Exclusive: President Trump’s vain tirades about crowd size and voter fraud make him look like Snow White’s evil queen gazing into her mirror, but he could turn that around by telling some important truths, says Robert Parry.
Exclusive: Neocons and liberal hawks sold the fantasy that Syrian “moderate” rebels were a viable option when all they did was help arm Al Qaeda jihadists and worsen the bloodshed, as Jonathan Marshall explains.
Special Report: President Obama may have entered the White House with a desire to rein in America’s global war-making but he succumbed to neocon pressure and left behind an even more dangerous world, reports Robert Parry.
Exclusive: The mainstream U.S. media blames Russian President Putin for pretty much everything – from the Mideast mess to Europe’s disorder to the U.S. elections – but the reality is quite different, notes Daniel Lazare.
Much commentary on Barack Obama’s presidency has focused on the shortcomings and missed opportunities, but it must be recalled how grim was his inheritance and fierce his opposition, writes ex-CIA analyst Paul R. Pillar.
Hawkish think tanks had laid plans for escalating the U.S. “regime change” war in Syria after Hillary Clinton’s expected election, but a different result has forced them to repackage their scheme, says Gareth Porter.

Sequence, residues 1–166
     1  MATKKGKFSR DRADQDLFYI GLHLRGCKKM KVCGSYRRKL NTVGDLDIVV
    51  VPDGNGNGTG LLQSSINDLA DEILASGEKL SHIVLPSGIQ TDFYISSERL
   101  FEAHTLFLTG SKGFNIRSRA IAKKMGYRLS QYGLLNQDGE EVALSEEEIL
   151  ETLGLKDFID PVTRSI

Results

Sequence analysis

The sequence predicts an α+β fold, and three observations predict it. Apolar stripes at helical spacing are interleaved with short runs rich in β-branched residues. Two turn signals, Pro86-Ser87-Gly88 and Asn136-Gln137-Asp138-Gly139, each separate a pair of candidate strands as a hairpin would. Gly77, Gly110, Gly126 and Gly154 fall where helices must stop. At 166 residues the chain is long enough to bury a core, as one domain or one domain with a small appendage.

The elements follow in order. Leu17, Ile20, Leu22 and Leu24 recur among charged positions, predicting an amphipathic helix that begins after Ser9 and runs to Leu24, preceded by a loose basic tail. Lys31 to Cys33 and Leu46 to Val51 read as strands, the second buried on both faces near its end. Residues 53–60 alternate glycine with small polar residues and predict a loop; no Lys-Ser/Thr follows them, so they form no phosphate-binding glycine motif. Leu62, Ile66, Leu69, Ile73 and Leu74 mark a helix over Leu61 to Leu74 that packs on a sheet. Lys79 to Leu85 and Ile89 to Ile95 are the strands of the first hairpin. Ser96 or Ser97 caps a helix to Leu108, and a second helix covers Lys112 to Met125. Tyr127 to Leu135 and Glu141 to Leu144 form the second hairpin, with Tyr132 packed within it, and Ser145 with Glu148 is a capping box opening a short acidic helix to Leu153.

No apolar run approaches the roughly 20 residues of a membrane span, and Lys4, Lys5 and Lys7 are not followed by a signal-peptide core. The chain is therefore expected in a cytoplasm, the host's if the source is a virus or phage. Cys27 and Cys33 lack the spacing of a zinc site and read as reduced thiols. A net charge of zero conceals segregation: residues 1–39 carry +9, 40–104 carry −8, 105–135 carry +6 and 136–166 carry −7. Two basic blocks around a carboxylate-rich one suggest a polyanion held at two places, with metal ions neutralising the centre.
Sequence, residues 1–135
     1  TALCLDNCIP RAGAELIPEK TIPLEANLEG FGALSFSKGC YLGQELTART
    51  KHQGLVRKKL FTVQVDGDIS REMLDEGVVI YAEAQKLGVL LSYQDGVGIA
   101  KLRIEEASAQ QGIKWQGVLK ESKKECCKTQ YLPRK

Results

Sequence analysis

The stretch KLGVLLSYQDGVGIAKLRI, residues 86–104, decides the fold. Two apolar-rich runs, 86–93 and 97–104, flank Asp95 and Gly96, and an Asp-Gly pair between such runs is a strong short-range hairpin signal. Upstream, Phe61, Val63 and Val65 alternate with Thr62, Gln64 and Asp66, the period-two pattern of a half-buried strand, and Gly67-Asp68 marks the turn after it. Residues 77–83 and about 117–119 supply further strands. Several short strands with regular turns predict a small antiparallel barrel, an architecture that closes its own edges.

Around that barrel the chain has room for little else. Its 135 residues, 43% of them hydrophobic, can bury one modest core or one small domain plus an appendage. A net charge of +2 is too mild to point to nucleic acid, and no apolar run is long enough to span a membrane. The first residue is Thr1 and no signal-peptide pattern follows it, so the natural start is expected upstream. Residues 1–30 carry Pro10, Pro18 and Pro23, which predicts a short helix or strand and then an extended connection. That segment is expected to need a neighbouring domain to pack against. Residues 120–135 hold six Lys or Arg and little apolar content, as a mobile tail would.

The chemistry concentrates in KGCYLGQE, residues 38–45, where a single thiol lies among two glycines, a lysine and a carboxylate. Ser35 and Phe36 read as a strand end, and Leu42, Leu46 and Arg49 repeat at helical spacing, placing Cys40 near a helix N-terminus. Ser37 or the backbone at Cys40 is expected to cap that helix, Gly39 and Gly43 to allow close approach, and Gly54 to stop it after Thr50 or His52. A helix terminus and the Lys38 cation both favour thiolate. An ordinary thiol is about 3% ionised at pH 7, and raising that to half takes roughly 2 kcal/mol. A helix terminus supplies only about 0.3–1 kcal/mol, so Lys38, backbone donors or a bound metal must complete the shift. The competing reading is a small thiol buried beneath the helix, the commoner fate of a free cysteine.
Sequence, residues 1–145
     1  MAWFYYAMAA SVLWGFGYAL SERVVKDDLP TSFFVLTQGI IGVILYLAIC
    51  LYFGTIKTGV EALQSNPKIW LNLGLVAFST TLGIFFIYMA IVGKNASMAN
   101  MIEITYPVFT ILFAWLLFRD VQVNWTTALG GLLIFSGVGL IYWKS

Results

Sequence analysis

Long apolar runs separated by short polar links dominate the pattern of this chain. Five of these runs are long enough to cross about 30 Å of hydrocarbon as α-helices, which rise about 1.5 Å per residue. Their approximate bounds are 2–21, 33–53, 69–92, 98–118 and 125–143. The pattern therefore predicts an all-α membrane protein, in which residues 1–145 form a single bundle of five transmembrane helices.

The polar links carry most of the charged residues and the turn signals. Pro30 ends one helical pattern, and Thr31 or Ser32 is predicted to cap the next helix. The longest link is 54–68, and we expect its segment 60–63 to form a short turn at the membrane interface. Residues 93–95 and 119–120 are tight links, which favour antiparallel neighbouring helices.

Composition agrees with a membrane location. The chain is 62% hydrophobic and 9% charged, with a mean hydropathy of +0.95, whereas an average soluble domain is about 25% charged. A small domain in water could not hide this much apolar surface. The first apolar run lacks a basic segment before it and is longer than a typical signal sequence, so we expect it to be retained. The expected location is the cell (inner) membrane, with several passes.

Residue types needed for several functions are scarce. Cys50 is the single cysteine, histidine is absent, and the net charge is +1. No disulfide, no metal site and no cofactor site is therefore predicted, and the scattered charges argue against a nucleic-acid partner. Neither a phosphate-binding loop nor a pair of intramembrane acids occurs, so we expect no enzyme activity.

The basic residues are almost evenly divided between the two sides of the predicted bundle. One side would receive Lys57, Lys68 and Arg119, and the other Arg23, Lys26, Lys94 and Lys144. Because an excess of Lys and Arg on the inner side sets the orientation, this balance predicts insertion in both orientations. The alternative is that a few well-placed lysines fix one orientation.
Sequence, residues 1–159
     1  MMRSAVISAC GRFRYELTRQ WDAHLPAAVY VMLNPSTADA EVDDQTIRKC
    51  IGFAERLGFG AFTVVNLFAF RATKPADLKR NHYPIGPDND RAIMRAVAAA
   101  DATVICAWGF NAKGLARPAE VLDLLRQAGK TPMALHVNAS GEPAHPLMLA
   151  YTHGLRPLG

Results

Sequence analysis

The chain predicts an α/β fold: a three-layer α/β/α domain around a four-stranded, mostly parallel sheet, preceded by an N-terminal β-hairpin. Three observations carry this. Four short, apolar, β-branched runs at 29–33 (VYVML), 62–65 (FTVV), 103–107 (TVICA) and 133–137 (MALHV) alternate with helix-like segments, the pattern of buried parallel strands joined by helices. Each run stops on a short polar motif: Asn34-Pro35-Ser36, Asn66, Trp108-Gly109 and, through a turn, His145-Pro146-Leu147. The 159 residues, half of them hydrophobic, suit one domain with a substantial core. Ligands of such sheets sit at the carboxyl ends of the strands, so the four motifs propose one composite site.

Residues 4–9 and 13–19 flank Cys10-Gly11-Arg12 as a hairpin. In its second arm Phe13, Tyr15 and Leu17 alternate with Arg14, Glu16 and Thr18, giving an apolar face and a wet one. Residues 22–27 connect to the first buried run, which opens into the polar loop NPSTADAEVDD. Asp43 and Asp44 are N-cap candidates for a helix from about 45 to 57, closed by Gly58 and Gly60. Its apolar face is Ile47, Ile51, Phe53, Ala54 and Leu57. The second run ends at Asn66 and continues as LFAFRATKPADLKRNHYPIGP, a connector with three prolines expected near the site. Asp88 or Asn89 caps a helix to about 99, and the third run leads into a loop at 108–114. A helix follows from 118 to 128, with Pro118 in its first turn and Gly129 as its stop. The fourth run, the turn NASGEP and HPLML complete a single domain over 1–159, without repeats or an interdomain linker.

Exclusive: In berating Russia for alleged interference in the recent U.S. election, the U.S. intelligence community ignores the extensive U.S. role in manipulating political movements around the globe, observes Jonathan Marshall.
Exclusive: Barack Obama is one of the “coolest” American presidents, but his “team of rivals” approach to governing – trying to accommodate and co-opt his adversaries – proved disastrous, especially in the Mideast, says Daniel Lazare.
Exclusive: U.S. mainstream media sees itself as the definer of what’s true and what’s “propaganda,” but has gotten lost in a fog of self-delusion and is now the principal purveyor of “post-truth” news, writes Nicolas J S Davies.
Exclusive: European governments are nervous about a Trump presidency, but – for economic and other reasons – many on the Continent would welcome a friendlier approach toward Russia, reports Andrew Spannaus.